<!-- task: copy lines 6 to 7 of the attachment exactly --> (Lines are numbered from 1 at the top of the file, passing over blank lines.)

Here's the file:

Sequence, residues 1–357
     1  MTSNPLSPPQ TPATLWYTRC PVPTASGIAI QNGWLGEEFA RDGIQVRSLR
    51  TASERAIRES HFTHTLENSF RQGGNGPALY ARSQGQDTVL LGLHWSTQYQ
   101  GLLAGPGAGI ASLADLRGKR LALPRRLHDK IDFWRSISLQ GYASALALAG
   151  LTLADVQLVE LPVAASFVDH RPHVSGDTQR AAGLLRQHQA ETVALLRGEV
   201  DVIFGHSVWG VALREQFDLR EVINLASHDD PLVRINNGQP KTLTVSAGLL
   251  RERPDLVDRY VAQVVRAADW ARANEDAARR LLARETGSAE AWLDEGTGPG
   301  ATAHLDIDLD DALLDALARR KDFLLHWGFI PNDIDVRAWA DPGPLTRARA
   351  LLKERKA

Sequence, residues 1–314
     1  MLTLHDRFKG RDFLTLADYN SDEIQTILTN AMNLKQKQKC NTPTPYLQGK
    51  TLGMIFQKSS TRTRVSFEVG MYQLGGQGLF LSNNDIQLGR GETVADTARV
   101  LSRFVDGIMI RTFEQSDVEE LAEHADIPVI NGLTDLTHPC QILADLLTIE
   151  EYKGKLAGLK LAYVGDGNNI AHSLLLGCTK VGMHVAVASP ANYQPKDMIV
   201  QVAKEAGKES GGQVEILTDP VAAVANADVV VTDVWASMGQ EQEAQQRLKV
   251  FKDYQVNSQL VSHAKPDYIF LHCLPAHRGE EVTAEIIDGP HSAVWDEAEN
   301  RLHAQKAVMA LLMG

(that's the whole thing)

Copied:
   201  DVIFGHSVWG VALREQFDLR EVINLASHDD PLVRINNGQP KTLTVSAGLL
   251  RERPDLVDRY VAQVVRAADW ARANEDAARR LLARETGSAE AWLDEGTGPG